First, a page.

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Superior Orbital Fissure

The superior orbital fissure is travels from the apex of the orbit laterally, anteriorly, and superiorly. This fissure divides the greater as well as lesser wings of the sphenoid and is located in the middle of the optic foramen and the foramen rotundum.

Superior Orbital Fissure

Superior Orbital Fissure

Relations

It is much greater at its medial portion. It gives a pathway for many structures:

It is divided into 3 portions:

  • Lateral part conveys:
    • Superior ophthalmic vein
    • Lacrimal nerve, frontal nerve
    • Trochlear nerve (CN IV)
    • Recurrent meningeal division of lacrimal artery
  • Middle part conveys
    • Superior and inferior divisions of the oculomotor nerve (CN III)
    • Nasociliary nerve
    • Abducent nerve
  • Medial part conveys:
    • Inferior ophthalmic veins and sympathetic nerves originating from the plexus.

Functions

Three motor nerves travel towards the extraocular muscles of the orbit through this fissure:

  • Oculomotor nerve (CN-III)
  • Trochlear nerve (CN-IV)
  • Abducens nerve (CN-VI)

Similarly, the ophthalmic branch of the trigeminal nerve (CN VI) inserts the orbit via this fissure.

Clinical Significance

Superior orbital fissure syndrome / Rochon–Duvigneaud syndrome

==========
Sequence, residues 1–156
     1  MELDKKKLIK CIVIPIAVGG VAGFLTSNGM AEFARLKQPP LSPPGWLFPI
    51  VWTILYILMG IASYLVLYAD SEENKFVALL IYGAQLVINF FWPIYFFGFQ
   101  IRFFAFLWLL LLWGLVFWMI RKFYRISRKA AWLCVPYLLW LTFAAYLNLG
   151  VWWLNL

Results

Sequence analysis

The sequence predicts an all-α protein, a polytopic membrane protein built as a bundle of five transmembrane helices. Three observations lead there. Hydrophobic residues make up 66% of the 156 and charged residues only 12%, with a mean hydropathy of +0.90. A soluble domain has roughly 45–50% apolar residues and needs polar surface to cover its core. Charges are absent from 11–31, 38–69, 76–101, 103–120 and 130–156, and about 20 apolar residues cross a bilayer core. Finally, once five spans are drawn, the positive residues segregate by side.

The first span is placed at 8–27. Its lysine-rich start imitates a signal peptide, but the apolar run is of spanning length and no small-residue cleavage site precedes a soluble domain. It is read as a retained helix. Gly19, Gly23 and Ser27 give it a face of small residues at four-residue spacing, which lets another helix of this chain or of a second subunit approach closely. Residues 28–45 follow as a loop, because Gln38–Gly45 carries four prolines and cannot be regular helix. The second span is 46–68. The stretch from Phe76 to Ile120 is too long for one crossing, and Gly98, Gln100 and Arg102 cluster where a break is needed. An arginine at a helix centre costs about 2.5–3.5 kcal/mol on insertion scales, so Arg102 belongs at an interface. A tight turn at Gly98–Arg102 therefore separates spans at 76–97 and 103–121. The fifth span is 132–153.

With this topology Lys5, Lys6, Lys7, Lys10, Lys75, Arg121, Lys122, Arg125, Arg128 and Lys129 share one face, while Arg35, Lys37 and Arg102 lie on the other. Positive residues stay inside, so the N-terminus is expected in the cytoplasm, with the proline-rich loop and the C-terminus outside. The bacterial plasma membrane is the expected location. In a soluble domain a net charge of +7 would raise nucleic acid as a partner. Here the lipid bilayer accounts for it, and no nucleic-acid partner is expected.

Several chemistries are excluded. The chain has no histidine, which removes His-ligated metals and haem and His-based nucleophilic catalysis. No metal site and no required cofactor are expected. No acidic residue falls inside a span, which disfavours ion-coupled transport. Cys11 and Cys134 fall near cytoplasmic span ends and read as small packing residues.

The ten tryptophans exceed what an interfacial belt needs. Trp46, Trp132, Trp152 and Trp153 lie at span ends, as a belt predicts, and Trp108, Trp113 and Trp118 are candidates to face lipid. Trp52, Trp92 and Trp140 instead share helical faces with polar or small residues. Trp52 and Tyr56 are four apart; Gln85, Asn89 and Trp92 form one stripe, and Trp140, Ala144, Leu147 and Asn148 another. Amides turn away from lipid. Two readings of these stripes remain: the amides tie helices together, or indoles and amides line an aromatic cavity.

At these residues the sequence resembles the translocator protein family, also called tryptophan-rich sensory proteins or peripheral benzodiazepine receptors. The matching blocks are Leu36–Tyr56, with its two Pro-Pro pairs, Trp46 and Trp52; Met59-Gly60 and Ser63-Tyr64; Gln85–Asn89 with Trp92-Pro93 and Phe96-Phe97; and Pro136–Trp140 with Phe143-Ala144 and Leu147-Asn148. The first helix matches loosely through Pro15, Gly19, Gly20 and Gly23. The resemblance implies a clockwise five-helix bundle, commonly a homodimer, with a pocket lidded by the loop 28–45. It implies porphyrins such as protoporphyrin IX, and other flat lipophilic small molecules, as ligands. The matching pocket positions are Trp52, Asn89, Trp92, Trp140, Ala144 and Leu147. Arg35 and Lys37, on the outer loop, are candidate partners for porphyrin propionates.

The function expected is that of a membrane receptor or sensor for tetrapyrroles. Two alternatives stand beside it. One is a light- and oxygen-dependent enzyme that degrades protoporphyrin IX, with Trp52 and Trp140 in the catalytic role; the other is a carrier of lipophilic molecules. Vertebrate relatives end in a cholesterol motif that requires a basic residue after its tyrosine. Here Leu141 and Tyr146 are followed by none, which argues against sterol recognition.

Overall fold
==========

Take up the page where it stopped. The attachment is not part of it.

The superior orbital fissure syndrome or Rochon–Duvigneaud syndrome includes lesions that are found directly anterior towards the orbital apex, together with the structures leaving the annulus of Zinn and frequently the ones located external towards the annulus.

Multiple cranial nerve palsies may be seen including without optic nerve pathology:

  • Oculomotor nerve (III)
  • Trochlear nerve (IV)
  • Abducens nerve (VI)
  • Ophthalmic branch of the trigeminal nerve (V1)

Risks

Whenever the cranial nerves that traverse the superior orbital fissure get involved, many alternate results may arise:

  • Diplopia
  • Paralysis of extraocular muscles
  • exophthalmos
  • Ptosis

Blindness or loss of vision shows association of the orbital apex, a more serious condition that demands urgent surgical intrusion. The condition is called orbital apex syndrome, in case blindness is found alongside superior orbital syndrome.

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By Dr. Joseph H Volker | 2018-08-30T09:04:47+00:00 August 8th, 2018|Anatomy, Areas, Head and Neck|0 Comments